Photo By Joseph Mather, U.S. Air Force

The 561st Aircraft Maintenance Squadron, F-15 Systems Program Office and 402nd Software Engineering Group teamed together to develop a test program that will reduce program depot maintenance time with the F-15 aircraft.

The Art of the possible methodology provides the right way to achieve the right results.– 561st AMXS, Robins AFB

Developed on the AWTS platform for the F-15 aircraft radar modernization program, technicians were able to save 120 man hours per aircraft, resulting in upwards of 2000 man hours per year.

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Beginning in 2014, a joint OSD project was commissioned to study a problem with the MH-6 Full Authority Digital Engine Control (FADEC) system that had been causing 2-3 pilot reported discrepancies (PRD’s) per month and causing numerous unnecessary avionic replacements.

What caused 2 to 3 FADEC system discrepancies per month dropped down to only 1 discrepancy in over 4 years.– 160thSOAR, Fort Campbell

Since the development of AWTS test procedures, testing of all aircraft was established and is performed regularly throughout the MH-6 fleet. AWTS testing is currently being added to additional systems and platforms throughout U.S. Army SOAR units.

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The 28th MXS back shops provide technical services that Airmen depend on in
order to keep aircraft running safely, efficiently and smoothly. They spend countless
hours troubleshooting components, ordering equipment and fixing parts.

It used to take 10 hours to check it on our old system, Now, with our Eclypse
tester, it takes us about 10 minutes.– 28th MXS, Ellsworth AFB

With this state of the art system it will save approximately 4,200 man-hours annually. Ellsworth and Dyess Air Force Bases combined could see as much as
$428,000 in cost savings a year.

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Photo by Airman 1st Class Randahl J. Jenson, U.S. Air Force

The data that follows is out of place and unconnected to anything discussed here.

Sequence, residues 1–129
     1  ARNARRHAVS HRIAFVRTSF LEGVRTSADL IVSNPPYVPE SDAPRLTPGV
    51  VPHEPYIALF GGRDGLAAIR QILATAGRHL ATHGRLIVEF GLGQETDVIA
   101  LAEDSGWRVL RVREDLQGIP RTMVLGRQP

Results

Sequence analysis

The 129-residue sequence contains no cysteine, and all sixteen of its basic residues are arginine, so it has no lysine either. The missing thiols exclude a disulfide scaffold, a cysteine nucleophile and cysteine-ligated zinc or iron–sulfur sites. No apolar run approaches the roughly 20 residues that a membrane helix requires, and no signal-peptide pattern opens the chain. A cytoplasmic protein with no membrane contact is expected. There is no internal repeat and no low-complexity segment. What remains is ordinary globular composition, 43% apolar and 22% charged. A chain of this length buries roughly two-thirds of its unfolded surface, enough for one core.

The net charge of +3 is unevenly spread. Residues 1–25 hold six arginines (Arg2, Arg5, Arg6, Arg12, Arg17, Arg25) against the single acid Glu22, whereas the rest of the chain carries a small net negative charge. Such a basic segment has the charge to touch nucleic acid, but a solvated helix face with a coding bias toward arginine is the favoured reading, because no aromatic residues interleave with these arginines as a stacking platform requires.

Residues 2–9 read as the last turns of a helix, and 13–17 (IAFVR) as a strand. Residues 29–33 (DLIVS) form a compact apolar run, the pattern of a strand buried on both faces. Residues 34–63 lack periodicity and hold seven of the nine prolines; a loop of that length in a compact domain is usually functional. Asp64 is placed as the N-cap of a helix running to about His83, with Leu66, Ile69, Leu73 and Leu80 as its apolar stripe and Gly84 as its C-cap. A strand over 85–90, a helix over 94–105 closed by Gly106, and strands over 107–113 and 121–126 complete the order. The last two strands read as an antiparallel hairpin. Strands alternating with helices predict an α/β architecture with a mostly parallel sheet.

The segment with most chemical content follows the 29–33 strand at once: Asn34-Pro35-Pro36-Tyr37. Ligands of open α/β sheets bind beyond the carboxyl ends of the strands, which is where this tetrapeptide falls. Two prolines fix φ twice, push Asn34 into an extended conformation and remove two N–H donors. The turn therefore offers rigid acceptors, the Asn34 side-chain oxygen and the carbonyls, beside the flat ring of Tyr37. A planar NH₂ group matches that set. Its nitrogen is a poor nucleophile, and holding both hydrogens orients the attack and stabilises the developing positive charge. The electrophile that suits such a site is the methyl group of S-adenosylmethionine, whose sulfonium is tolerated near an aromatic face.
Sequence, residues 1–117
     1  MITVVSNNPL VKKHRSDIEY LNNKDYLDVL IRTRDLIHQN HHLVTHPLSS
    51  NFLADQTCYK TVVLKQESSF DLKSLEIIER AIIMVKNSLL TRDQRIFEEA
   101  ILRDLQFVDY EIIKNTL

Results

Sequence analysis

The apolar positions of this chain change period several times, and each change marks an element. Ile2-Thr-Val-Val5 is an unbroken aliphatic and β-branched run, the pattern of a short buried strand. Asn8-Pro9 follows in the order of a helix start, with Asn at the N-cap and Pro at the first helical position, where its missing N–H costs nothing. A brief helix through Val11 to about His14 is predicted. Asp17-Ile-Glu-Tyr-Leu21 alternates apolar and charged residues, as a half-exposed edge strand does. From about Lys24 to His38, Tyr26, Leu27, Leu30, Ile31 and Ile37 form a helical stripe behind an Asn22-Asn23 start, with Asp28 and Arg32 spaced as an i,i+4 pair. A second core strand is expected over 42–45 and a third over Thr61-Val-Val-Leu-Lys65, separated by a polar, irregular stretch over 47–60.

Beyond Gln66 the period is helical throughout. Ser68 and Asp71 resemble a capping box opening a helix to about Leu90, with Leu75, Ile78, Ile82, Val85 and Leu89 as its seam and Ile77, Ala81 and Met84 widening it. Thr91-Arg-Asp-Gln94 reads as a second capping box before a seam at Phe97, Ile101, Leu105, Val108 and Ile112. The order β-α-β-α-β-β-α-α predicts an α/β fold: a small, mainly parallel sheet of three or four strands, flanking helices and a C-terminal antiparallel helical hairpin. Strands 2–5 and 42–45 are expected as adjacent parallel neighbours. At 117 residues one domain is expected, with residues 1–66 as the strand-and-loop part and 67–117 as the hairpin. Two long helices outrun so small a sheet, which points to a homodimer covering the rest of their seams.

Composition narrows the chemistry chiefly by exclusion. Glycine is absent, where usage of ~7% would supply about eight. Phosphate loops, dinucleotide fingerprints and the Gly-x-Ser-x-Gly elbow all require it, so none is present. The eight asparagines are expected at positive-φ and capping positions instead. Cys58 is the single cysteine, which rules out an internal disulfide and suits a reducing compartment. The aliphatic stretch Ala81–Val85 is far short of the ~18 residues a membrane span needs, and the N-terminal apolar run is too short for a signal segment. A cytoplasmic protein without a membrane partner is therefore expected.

Photo by Airman 1st Class Kimberly Barrera, U.S. Air Force

Component Maintenance Squadron electrical and environmental shop and the 4th Fighter Readiness Squadron precision measurement equipment laboratory shop came together to find a solution for an obsolete test set.

Having the capability to check the adapter system and wiring prior to installing the recon pod will minimize potential damage and destruction of this expensive asset.– 4thCMS, Seymour Johnson AFB

Once the test procedure is certified and leadership approval is received, this test can be disseminated to other bases, saving time and money by utilizing AWTS units that are already deployed.

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Over the period of one year, select electrical systems of nearly 100 aircraft were inspected using AWTS. This effort focused onthe top aircraft system degraders which identified an average of 3-4 actionable wiring issues per aircraft with 17% classified as critical.

AWTS is capable of taking a deeper look at electrical/wiring integrity than any other available equipment in the Fleet today– NAWCAD, NAES Lakehurst

A 2020 GAO report on Sustainment identified the F/A-18 E-F aircraft availability as well below 50%. When initial inspection was completed and appropriate repairs made, the test group aircraft experienced a 73% reduction in mission aborts related to the inspected systems.

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In 1999 when one of the space shuttles lost power due to a fault somewhere in its more than 200 miles of electrical wiring. Even though technicians used a multimeter to measure each circuit to find which wire had a fault, it could not pinpoint exactly where on the wire the fault was located. For that, technicians had to visually inspect each wire. SWR technology was developed by NASA engineers to solve this problem.

I fly a lot, and it is comforting to know that what we did helped to make flight
safer.– Dr. Medelius, Kennedy Space Center

Eclypse obtained licensing through the NASA Technology Office and developed the ESP+ hand held meter. The U.S. Army has purchased 300 ESP+ meters to include in their helicopter battle damage and assessment repair kits, saving hundreds of man hours in repair costs.

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Photo by Eclypse International


Air Force Special Operations Command officials initiated the AWTS program in order to provide special operation maintainers a program to help pinpoint maintenance issues with MC-130s in significantly less time.

What may take one maintainer days to identify, this system can catch something in less than a 10-minute period..– 353rd Special Ops, CMS, Kadena AFB

By increasing the use of AWTS, the wire analysis shops expects to decrease the amount of aircraft down time by not only shortening the time it takes to trouble shoot hundreds of wires found on an aircraft, but also help their fellow maintainers proactively identify out of tolerance wiring even if the aircraft system still works.

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